The cost of doing away with USDA Rural Development

Over the years, U.S. Department of Agriculture Rural Development grants and loans have served as a lifeline for rural communities, providing critical funding for water and wastewater infrastructure, public and community buildings, and essential community service facilities. Yet the president’s proposed budget zeros out allocations for Rural Development, leaving small towns with few options and bleak prospects for continued growth.

Without Rural Development’s services, many small communities will have to put off infrastructure or facility projects. However, “the cost of doing nothing is as costly as the project itself,” said Terry Meier, community development specialist with JEO Consulting Group.

When necessary projects are left on the drawing board, the quality of life in a small town is impacted along with its economic prospects.

Rural Development’s loans, grants, and technical assistance help communities fill resource gaps and address quality of life challenges. Funding opportunities are primarily directed toward towns and villages with fewer than 20,000 residents.

“These programs are used to cost-share improvements so projects are more affordable to residents in rural areas,” Meier said. “Smaller communities have fewer people in which to spread the cost of the debt. Without these programs, it would be highly unlikely that rural and lower-income communities could build or modify their community center, develop trails, build parks, make costly infrastructure improvements in their downtown areas, or upgrade their aged municipal water or wastewater system.”

Meier recently worked with the village of Oakdale, Nebraska, to leverage USDA Rural Development funding to assist with a water improvement project. The Antelope County village of 322 residents received nearly half of the project cost from USDA. The village developed a new groundwater supply well, replaced water mains, and installed new water meters. With the completion of the upgrade, the community was able to address a significant water loss issue in addition to modernizing the water system. Ultimately, these repairs and upgrades will provide water and cost savings for residents.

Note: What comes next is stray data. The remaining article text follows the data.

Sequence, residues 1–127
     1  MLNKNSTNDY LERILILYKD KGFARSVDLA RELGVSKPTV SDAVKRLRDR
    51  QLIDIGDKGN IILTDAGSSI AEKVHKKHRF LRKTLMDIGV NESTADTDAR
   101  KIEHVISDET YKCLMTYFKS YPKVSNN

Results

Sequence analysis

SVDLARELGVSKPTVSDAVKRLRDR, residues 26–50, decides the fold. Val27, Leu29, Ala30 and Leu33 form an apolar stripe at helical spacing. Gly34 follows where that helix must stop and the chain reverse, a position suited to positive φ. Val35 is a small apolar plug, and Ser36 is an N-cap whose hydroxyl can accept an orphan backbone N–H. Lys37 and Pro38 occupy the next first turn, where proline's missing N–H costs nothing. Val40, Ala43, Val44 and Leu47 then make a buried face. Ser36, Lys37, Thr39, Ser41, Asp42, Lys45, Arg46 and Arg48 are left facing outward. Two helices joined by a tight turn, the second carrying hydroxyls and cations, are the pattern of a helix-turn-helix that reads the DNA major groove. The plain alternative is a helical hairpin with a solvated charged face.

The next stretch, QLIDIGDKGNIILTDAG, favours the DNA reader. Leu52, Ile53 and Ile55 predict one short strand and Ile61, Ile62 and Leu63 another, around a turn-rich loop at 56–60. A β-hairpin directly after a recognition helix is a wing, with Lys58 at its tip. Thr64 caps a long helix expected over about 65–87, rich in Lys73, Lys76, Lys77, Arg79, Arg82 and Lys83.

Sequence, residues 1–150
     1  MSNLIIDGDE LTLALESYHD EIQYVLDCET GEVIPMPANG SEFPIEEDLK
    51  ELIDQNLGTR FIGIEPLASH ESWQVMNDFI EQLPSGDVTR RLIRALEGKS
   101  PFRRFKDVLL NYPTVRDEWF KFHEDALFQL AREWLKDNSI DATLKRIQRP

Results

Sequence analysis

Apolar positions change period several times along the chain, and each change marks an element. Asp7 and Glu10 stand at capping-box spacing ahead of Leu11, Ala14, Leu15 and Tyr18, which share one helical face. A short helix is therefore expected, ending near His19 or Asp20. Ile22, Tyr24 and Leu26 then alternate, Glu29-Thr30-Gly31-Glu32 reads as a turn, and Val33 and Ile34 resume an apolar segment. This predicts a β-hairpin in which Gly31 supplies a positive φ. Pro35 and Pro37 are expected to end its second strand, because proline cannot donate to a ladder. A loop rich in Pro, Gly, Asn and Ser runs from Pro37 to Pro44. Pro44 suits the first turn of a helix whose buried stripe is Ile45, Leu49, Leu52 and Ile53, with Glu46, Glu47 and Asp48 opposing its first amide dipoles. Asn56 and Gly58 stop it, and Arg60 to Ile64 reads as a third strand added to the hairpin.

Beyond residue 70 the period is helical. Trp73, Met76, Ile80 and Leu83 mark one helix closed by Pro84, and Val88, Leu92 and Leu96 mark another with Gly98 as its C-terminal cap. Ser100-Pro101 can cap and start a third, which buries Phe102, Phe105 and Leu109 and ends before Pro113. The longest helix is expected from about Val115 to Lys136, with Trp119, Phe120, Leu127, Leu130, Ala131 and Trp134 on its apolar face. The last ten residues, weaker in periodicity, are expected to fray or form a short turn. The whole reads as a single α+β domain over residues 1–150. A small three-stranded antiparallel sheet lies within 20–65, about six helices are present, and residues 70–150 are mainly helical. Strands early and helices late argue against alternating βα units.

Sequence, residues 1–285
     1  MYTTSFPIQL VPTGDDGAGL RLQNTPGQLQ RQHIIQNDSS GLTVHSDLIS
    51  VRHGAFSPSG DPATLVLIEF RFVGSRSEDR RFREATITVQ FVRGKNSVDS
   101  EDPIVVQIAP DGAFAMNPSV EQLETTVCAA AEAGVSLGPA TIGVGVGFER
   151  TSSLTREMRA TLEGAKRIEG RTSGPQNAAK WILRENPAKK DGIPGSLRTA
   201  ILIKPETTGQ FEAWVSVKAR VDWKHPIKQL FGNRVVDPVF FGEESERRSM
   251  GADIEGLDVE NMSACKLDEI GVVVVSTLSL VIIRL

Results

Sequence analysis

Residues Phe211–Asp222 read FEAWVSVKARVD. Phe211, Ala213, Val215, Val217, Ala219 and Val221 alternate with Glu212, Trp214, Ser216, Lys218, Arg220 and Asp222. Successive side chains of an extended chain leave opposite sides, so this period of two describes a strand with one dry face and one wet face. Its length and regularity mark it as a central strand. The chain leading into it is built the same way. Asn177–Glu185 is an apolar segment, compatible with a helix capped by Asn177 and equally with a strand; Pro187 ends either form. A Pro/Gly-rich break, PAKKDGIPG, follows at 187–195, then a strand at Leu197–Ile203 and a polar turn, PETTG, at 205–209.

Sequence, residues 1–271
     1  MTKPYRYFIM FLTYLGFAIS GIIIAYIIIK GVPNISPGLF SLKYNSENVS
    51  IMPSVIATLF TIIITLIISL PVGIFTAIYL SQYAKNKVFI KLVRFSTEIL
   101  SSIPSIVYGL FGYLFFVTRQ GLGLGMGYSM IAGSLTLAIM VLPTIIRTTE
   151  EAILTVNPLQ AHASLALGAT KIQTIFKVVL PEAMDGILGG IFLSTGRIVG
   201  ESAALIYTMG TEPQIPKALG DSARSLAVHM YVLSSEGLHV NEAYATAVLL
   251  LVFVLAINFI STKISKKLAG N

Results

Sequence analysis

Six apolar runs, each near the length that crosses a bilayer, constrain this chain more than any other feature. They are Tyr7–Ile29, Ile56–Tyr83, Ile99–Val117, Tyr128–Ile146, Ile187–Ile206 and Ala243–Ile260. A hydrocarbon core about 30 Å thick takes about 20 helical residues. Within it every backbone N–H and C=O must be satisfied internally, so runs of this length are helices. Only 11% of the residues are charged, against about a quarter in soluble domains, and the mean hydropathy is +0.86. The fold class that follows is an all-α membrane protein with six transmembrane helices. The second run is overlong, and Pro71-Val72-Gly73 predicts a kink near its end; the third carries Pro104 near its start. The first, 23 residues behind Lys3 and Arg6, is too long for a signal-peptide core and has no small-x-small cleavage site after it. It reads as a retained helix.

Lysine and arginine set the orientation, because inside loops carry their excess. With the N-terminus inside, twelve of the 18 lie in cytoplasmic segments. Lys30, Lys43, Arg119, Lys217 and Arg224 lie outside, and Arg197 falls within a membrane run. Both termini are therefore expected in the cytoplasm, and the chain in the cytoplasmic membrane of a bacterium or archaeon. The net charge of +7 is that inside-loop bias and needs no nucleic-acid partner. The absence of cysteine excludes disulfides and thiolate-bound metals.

For many communities like Oakdale, a project totaling more than a half million dollars would be out of reach through traditional funding sources.

“USDA Rural Development cannot compete against conventional financing,” Meier notes. “In order to apply for USDA assistance, the applicant must have been turned down by their fiscal agent or local bank for conventional financing at a reasonable rate.”

This means Rural Development funding is only targeted to communities that most need assistance.

Should the president’s budget eliminating Rural Development be passed, communities will have to assume greater debts, and will pass those along to residents. This will place a particularly heavy burden on rural communities with declining populations, lower-income residents, and fixed-income seniors. Property values would decline and infrastructure needs would be unfulfilled.

“Local government leaders will have to make difficult decisions about the priority needs of the community, while remaining fiscally responsible to their constituents,” said Meier.

Jordan’s top priority is to identify, develop and build relationships with rural leaders. In doing so, she advances our policy goals by putting others in position to make a difference.


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